Net neutrality: French regulator publishes Internet QoS measurements
The French regulatory authority for electronic communications, ARCEP, published its first Internet quality of service (QoS) measurements for net neutrality purposes. The quality of service measurements are intended to make poor ISP performance more visible to consumers, regulators and upstream content providers. France, like most other countries in Europe, allows Internet access providers flexibility to shape traffic and offer managed services as long as ISPs are transparent about their policies and the quality of service of basic Internet access does not suffer. If the quality of service of Internet access drops, the ARCEP, like other regulatory authorities in Europe, has the ability to intervene and impose a minimum quality of service level.
The French competition authority and the Paris Court of Appeals also held that France Telecom is not required to grant free peering capacity if traffic loads are seriously imbalanced. The result is that Internet access providers in France have a fair amount of flexibility in dealing with their transit and peering partners, as well as in how they offer managed services.
The reason this flexibility exists is that in theory French consumers have a choice between three or four competing Internet access providers. The retail market for Internet access is competitive, and according to the European regulatory philosophy, a competitive market is the best form of regulation. In practice, of course, market failures can exist even in competitive markets. The ARCEP's quality of service measurements attempt to address one market failure, which is lack of consumer information. If a video streaming service does not function well, the consumer does not always know why. There are many reasons why a video may not stream properly. One reason may be that the ISP has constrained its upstream transit and peering capacity. The ARCEP measurements are intended to shed light on the performance of each French Internet access provider for different kinds of applications: upload, download, peer-to-peer, and video streaming. The idea is that if consumers have reliable access to QoS measurements, they will switch provider if their own ISP offers poor service. Thus the market will self-regulate.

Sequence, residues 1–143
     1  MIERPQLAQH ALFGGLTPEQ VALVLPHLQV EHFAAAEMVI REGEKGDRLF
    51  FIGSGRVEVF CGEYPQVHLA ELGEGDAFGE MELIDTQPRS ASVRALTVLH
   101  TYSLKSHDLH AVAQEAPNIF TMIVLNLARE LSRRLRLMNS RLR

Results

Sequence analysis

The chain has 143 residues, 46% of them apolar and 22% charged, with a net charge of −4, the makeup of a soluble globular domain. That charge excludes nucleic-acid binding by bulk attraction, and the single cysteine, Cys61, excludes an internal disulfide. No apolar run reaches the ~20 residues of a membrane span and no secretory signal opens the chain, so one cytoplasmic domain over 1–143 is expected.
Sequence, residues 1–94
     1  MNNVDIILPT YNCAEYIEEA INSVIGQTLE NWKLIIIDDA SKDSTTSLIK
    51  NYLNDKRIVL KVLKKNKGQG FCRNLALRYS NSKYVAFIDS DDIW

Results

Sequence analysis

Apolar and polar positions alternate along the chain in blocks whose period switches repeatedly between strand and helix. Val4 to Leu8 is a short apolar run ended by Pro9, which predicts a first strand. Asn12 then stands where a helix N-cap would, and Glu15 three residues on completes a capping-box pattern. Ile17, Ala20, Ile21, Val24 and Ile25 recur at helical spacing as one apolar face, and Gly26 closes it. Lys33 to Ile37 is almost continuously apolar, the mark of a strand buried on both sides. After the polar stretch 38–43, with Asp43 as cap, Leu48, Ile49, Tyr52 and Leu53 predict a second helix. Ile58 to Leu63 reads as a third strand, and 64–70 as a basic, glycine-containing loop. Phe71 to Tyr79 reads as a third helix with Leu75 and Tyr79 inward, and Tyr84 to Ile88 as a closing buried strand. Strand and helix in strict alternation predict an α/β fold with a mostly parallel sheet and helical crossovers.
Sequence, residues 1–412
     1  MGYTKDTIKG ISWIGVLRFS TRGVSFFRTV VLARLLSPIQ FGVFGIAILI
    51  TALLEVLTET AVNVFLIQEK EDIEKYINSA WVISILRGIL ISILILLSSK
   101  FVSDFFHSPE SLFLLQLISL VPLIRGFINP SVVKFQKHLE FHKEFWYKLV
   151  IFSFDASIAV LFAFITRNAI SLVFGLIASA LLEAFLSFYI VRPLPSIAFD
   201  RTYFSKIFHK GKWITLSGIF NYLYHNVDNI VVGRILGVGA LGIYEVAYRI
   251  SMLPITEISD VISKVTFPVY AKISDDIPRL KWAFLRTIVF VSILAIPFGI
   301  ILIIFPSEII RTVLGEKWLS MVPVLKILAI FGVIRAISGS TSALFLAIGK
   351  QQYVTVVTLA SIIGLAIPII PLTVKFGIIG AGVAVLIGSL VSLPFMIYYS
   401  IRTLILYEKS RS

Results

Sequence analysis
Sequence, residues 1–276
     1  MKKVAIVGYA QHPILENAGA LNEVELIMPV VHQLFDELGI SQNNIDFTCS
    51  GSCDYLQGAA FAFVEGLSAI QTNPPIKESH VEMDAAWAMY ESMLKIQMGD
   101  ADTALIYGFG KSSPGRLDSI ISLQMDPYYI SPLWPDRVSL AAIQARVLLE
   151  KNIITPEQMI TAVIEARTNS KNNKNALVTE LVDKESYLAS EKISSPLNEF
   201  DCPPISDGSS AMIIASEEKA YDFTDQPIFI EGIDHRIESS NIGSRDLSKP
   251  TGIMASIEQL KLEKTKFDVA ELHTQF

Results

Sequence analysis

In practice, there may exist switching costs that make a change in ISP difficult. Switching costs may exist when the consumer also purchases television services from the Internet access provider, for example. Another reason why the market may not function correctly is if all access providers provide the same (poor) level of service. This kind of alignment among Internet access providers would not necessarily result from an illegal agreement. It could simply result from parallel behavior among members of an oligopoly. For this reason, the ARCEP and other regulatory authorities in Europe have backstop authority to impose minimum quality of service levels in justified cases. However, before imposing such measures, the regulatory authority must demonstrate to the European Commission that the measure is needed to address an actual quality of service problem. This is another reason why it's essential for regulatory authorities to have reliable QoS measurement tools at their disposal.
Because QoS measurements can easily be challenged, the ARCEP was careful to create an institutional structure to oversee the development of objective QoS measurements. The institutional structure involves a committee that includes representatives of Internet access providers, consumers groups and independent technical experts.
A new legislative package proposed by European Commission would increase the level of net neutrality regulation in Europe. The so-called "Connected Continent" package would impose, and among other things, an outright prohibition of discrimination by ISPs. Currently only the Netherlands and Slovenia have a non-discrimination obligation in their national law. The Connected Continent package would also place constraints on ISPs' ability to provide managed services. The Connected Continent legislative package is still in negotiation among the European Council, the Parliament and the Commission. It is likely to be adopted in 2015.
(ARCEP published on November 21, 2014 a video interview of Winston Maxwell in which he explains the difference between the net neutrality approaches in the US and in France.)